W OODS'S brutal defeat was a mixed blessing. Whatever the emotional and psychological costs, it did provide invaluable time for his burgeoning business ventures. Over the next three years, he seemed content as a real estate magnate. He immersed himself in consolidating his wealth, spent many hours with his wife refurbishing their home, and welcomed the birth of two more children. The Wood household, with three permanent servants, along with five active children and his aged mother,1 settled into a stable routine, far different from his parents' disruptive lives.
Wood furthered the impression that his political days were over by leaving the city on April 27, 1852, with Larkin as a traveling companion for a trip to San Francisco to investigate his holdings, some of which suffered through a rash of disastrous fires. Upon landing, Wood signed deeds, viewed his properties, and found a collection agent. By August, he was back home.2 In short, Wood appeared no different from a host of other failed mayoral nominees, a brief meteor who had burnt out after momentarily lighting the partisan sky.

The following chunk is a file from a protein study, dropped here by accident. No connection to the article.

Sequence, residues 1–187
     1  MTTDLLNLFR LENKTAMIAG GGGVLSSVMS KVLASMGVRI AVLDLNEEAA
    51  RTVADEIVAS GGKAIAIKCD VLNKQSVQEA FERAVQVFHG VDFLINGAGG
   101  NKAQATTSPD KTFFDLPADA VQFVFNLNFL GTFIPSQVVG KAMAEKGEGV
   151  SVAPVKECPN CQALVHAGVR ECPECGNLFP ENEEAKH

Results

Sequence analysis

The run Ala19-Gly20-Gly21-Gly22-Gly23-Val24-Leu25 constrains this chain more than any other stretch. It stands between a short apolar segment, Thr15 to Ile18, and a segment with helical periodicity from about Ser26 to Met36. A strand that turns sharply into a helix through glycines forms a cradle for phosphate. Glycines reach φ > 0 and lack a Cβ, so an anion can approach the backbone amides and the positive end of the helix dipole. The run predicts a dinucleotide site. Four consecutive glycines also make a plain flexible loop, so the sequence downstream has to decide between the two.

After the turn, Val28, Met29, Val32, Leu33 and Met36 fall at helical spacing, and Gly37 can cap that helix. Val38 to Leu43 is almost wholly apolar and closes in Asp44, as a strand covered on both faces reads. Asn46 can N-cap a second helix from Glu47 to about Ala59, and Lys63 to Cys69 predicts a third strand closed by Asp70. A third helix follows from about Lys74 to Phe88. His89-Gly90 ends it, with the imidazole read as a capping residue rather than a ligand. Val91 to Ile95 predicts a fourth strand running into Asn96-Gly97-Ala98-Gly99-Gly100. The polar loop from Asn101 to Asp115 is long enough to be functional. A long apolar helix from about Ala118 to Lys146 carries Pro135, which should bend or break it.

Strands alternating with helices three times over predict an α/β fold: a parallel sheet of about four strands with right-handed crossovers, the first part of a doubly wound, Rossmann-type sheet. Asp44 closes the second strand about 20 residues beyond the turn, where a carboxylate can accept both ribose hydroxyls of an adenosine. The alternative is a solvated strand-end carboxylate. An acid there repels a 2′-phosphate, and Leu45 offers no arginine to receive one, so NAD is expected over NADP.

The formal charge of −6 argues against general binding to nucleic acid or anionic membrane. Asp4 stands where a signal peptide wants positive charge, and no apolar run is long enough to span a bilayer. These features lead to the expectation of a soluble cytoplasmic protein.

By 1853, a major political reorganization gripped New York City politics. Both Democrats and Whigs crumbled under the weight of almost similar internal ambiguities involving slavery extension, temperance, class tension, civic reform, and nativism. The Whigs fell first over, many finding a home in the fledgling Know- Nothing party, whose membership was secret. Tammany was in shambles. President Franklin Pierce wielded patronage aimed at making the Democracy a moderate, national force by isolating extremists on the right and left. He failed in New York. The Hards, interpreting Pierce's program as an insult, revived their General Committee. It was chaired by Thomas J. Barr and guided by his nephew, Peter B. Sweeny, and promising Congressman William M. Tweed. They then formed a permanent state party under former Senator Daniel S. Dickinson of Binghamton. In reaction, the Softs organized a second General Committee, run by Lorenzo Shepard and Congressman John Cochrane, which created a second